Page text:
Congressional District 31: What's Up With John Carter?

Democratic challenger can't get incumbent to talk with her; neither can we

John Carter
John Carter

Democrat Mary Beth Harrell would seem to face an uphill battle to unseat Republican John Carter in the conservative Congressional District 31, which stretches from Williamson Co. north to Erath Co., but one has to wonder if Carter could pull a Clayton Williams simply by continuing to talk.

Mary Beth Harrell
Mary Beth Harrell

Harrell has challenged Carter to appear in a candidates forum organized by Temple public television station KNCT. The race is one of several that KNCT hopes to spotlight Oct. 16-20, but station manager Max Rudolph told the Temple Daily Telegram that all candidates in a particular race must appear, or that race won't be featured. Thus far, Rudolph said, Harrell and Libertarian Matt McAdoo have accepted, but no word from Carter.

Carter's responses as to whether he would accept were ambiguous at best, if not downright confusing. "No, no, no – I don't believe I'm going to be able to do that," he told the Telegram. "I mean, that's public television, and that's public radio. I will have to think about that. I might do it. I haven't decided yet."

In fact, Carter hasn't been quite clear on whether he'd be willing to debate at all. Earlier this summer, he told the Austin American-Statesman, "People earn the right to debate me. ... I will determine how and not them." He went on to say that the criteria for earning this right is "credibility." Harrell responded in a press release, "The bottom line is, the voters are calling for a candidates' forum with Carter and me so they can judge our credibility. That's the voter's job, not Carter's."

We'd love to ask Carter whether being the official nominee of one of the nation's two dominant political parties constitutes credibility or whether it might come from being a military wife and mother for most of her life (Harrell's son is serving in Iraq), but we can't contact him. The two phone numbers on his campaign Web site aren't working; we called his congressional office, which gave us a different number that was never answered, not even by a machine; a promise from his congressional office that the campaign would call us had not been kept as of press time. Perhaps we lack "credibility."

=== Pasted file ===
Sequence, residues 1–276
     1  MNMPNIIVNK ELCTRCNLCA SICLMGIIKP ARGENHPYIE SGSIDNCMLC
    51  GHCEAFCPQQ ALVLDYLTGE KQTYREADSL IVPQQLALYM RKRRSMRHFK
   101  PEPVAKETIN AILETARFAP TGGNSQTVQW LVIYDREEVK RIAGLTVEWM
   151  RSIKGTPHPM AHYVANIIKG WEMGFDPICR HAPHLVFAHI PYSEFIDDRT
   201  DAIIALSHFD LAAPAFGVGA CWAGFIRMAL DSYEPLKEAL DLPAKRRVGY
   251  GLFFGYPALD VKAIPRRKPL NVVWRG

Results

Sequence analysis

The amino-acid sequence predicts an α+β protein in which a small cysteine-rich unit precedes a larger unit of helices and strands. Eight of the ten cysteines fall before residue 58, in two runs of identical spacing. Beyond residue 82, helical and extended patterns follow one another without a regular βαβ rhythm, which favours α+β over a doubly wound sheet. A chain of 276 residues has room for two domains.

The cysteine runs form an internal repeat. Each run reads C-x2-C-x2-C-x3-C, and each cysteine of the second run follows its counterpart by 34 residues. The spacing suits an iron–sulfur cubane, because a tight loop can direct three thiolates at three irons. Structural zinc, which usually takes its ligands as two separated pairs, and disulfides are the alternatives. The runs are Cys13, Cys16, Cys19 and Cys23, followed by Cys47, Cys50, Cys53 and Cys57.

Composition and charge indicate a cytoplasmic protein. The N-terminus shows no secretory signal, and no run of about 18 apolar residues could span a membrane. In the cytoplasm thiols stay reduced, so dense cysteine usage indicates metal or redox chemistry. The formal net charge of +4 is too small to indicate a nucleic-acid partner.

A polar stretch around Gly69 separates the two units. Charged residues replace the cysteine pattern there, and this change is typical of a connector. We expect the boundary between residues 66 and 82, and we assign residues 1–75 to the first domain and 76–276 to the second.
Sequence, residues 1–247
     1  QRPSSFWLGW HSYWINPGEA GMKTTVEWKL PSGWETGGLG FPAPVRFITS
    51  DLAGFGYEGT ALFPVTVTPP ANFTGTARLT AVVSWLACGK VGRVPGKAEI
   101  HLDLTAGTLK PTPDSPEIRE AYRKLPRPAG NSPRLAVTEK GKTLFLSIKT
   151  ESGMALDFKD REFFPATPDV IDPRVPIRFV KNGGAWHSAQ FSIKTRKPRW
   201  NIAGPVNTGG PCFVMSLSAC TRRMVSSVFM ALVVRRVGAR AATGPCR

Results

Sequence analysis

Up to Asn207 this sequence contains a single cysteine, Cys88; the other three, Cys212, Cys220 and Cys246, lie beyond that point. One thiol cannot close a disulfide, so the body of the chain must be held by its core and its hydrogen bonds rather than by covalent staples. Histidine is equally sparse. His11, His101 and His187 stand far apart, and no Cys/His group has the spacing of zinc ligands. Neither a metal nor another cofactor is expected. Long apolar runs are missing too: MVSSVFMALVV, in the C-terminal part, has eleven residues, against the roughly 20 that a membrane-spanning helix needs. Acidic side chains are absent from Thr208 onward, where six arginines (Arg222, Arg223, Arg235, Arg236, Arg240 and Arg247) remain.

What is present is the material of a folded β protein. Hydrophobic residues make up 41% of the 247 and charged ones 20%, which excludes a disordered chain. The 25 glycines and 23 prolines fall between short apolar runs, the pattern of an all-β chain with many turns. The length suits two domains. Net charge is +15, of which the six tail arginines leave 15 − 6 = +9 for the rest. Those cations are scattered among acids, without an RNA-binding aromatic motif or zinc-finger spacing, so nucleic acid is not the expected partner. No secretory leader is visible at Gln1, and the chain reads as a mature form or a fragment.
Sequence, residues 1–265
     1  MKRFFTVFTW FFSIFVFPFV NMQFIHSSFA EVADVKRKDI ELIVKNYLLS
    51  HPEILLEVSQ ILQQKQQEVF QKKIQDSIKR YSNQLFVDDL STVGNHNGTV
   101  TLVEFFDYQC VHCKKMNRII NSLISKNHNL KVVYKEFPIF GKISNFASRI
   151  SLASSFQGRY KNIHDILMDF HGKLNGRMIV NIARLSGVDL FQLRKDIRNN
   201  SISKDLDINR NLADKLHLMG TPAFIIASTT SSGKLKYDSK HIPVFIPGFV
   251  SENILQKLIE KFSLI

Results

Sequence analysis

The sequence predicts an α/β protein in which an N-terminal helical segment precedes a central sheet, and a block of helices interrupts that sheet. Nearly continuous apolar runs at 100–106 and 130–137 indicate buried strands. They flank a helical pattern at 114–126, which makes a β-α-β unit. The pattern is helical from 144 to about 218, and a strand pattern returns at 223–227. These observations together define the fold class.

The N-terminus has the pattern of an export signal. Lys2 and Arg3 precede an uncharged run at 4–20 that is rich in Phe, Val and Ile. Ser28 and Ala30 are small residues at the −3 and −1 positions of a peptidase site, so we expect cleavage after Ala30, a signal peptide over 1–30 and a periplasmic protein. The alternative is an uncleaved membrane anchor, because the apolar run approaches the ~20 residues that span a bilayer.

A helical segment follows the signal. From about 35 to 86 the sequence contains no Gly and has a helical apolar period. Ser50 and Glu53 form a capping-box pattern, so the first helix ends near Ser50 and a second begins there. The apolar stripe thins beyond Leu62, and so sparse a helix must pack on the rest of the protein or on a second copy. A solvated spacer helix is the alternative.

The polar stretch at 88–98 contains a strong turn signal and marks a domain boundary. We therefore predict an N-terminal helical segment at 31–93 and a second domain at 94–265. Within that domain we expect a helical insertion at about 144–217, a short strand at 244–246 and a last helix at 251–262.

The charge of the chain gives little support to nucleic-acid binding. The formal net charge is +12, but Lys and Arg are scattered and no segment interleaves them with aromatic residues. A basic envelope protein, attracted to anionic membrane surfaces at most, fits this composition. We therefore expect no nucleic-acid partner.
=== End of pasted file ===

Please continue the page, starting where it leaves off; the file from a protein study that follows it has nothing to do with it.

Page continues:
Got something to say? The Chronicle welcomes opinion pieces on any topic from the community. Submit yours now at

A note to readers: Bold and uncensored, The Austin Chronicle has been Austin’s independent news source for over 40 years, expressing the community’s political and environmental concerns and supporting its active cultural scene. Now more than ever, we need your support to continue supplying Austin with independent, free press. If real news is important to you, please consider making a donation of $5, $10 or whatever you can afford, to help keep our journalism on stands.

Support the Chronicle  

More Elections
Legal Heat Rises on Vote-by-Mail
Legal Heat Rises on Vote-by-Mail
Dallas Dems file criminal complaint against attorney general

Michael King, May 15, 2020

Austin Election Ticker: The Endorsements Begin
Austin Election Ticker: The Endorsements Begin
Delia Garza's Twitter tangle, Central Labor Council likes, and more

Michael King, Jan. 17, 2020

More by Lee Nichols
From the Music Desk
From the Music Desk
On Willie, Billy, Stevie Ray, Blaze, and more highlights from four decades of covering Austin music

Sept. 3, 2021

Game Changer
Game Changer
A new football culture for Austin bars

Oct. 23, 2015


Elections, John Carter, Mary Beth Harrell, Matt McAdoo

One click gets you all the newsletters listed below

Breaking news, arts coverage, and daily events

Can't keep up with happenings around town? We can help.

Austin's queerest news and events

Eric Goodman's Austin FC column, other soccer news

Behind the scenes at The Austin Chronicle

Information is power. Support the free press, so we can support Austin.   Support the Chronicle